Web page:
Is Your Child Dependent on Algorithms . . . and is That a Bad Thing

Feb 18, 2018 | Cambridge

Many math teachers and books spend a lot of time teaching algorithms. In fact, for most of us that is all we learned about math. An algorithm is any memorized step by step process for solving a math problem. Here is an example of a common algorithm used for teaching addition of numbers with multiple digits.

Start by adding the digits farthest to the right, or those in the ones place.  Write the answer and take the ones digit of that number and write it underneath the line and carry the tens digit of that number to the tens place. Next, add the tens column. Continue from the right to the left until the process is completed. Then look to see the answer.
 Tens Place  Ones place
+       39            8+9= 17

Does this seem complex? It is. Is it any wonder that the seven year olds trying to remember this algorithm get confused?   

5 Problems with Algorithms Even if They Help Get the Right Answer

  1. Algorithms are hard to remember. Keeping every step straight is a challenge if you don’t know why it works. Can you recite the algorithm you learned for converting a mixed fraction into a decimal? If not, you can probably still figure out how to convert a mixed fraction into a decimal if you understand the concept.
  2. Children relying solely on algorithms won’t be able to apply the concept in a variety of situations. For example, some kids get thrown when the sum of the ones place is a number over 19 (as it would be in 29+29+35) because they are so used to “carrying the one” they don’t know what to do when they should carry any other number that is not a "one". Additionally, seeing a problem in a manner that does not look like the algorithm (such as horizontal addition) can confuse many children, some of whom say "it can't be done."
  3. Many algorithms are difficult to perform mentally.  Look at the above problem and solve it mentally. You probably used a different process than the algorithm explained earlier, ie. stack the numbers so the place values align, then add the ones place, write the ones amount, carry the tens amount, add the tens place, etc.. Here is one approach to mentally solving it. 29 is 1 less than 30, and 35 is 5 less than 40.  30+30+40= 100. 1+1+5 =7, and 100-7=93 so 29+29+35 = 93. Or here is another approach: 30 x 3=90. 90-1-1=88+5=93. Ask five different people how to solve a math problem and you are likely to get five different methods. Children who depend solely on algorithms to solve problems forget to look for short cuts, try a problem mentally or don’t have the confidence to use short cuts and mental math.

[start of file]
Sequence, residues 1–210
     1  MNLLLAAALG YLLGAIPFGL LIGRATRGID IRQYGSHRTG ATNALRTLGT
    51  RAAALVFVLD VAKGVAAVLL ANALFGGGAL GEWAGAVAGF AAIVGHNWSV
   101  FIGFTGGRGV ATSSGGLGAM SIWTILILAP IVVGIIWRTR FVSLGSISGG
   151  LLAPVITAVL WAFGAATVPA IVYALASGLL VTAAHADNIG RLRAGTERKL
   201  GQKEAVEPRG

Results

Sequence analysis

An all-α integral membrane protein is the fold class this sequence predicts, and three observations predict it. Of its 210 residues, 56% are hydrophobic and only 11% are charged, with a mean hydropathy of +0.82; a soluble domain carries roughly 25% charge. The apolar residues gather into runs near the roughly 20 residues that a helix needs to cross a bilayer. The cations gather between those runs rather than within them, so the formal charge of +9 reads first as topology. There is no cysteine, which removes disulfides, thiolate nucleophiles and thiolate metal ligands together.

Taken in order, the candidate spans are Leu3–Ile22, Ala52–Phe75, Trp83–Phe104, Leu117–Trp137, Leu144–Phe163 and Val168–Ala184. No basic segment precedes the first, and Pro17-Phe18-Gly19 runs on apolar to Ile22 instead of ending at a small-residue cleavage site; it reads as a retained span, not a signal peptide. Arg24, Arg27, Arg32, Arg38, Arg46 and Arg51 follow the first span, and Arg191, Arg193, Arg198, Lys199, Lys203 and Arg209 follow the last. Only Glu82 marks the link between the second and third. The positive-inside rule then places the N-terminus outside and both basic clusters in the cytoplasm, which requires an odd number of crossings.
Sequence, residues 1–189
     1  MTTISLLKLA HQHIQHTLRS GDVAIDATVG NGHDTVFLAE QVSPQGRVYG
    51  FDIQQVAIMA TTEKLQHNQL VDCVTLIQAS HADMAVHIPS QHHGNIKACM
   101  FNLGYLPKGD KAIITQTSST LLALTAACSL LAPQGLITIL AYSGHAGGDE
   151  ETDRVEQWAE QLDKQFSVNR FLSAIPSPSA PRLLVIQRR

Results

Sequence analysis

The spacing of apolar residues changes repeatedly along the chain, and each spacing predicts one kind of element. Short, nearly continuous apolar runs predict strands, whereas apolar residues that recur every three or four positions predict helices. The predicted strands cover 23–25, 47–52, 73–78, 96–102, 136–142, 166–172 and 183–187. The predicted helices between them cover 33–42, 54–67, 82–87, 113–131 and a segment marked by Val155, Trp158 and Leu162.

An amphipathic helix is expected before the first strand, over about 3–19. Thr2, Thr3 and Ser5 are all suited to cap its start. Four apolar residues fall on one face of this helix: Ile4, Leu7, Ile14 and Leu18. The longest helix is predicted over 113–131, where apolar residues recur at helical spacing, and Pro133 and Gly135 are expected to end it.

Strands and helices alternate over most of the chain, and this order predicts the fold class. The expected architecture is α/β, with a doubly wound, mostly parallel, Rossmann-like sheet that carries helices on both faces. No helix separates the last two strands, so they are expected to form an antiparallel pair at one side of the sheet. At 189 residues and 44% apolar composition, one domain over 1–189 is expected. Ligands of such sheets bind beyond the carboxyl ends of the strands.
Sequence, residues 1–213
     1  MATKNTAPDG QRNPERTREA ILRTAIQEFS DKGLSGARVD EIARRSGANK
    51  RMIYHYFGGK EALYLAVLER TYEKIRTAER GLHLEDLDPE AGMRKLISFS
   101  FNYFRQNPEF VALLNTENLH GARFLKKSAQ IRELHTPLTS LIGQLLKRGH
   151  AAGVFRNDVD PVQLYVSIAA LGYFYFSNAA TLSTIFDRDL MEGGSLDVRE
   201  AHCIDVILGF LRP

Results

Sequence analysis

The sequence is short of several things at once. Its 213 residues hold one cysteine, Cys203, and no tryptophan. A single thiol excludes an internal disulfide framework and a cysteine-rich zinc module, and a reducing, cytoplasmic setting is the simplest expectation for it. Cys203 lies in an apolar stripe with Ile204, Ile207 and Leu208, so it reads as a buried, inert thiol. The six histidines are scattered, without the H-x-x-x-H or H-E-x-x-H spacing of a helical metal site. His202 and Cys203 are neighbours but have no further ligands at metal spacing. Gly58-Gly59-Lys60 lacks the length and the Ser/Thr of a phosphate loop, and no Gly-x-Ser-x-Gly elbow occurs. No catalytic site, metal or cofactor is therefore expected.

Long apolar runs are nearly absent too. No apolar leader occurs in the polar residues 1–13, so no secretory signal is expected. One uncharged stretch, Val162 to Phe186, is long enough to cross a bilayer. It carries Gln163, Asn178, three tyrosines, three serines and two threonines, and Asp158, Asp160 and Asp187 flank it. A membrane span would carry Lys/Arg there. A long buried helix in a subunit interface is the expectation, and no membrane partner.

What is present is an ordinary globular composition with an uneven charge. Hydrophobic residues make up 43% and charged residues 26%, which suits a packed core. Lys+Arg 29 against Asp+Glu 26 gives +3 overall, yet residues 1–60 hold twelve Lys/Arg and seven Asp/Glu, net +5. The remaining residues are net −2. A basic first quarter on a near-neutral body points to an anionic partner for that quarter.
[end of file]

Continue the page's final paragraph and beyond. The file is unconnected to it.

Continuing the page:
4. Some kids get so bogged down remembering each step to an algorithm they learned, they forget to check if their answer makes sense.  Everybody makes mistakes, but children who lack mathematical reasoning often don’t catch their mistakes. 
  5. Algorithms don’t inspire creative thinking. They provide a step by step process which deprives children from creating their own process. Mathematicians agree that schools have been so focused on problem solving they forget to encourage creative thinking. 

Should Schools Stop Teaching Algorithms?
No. Algorithms have their place. ALL methods that solve the problem are valid. Algorithms taught in school are ONE way to solve a math problem not THE way to solve a math problem.

Children need to have numerical fluency, number sense and mathematical reasoning to really understand the math they are doing. Curricula that cover a lot of topics quickly often sacrifice developing strong mathematical foundations and children become over reliant on algorithms to solve problems. Teachers using curricula of breadth instead of depth (which is what most of our schools currently face) struggle to make time for teaching higher order thinking skills like mathematical reasoning, number sense, and numerical fluency. Armed with these foundational skills students can still solve the problem even if they forget a specific algorithm.

Worried Your Child Lacks Fundamental Math Skills?
At Mathnasium of Cambridge, we provide instruction on the five most important elements of math and ensure your child develops number sense, numerical fluency and mathematical reasoning. Make sure your child can solve problems in a variety of ways, call us at 519-623-6668. For more information about our philosophy and methodology please read these articles or call our centre.

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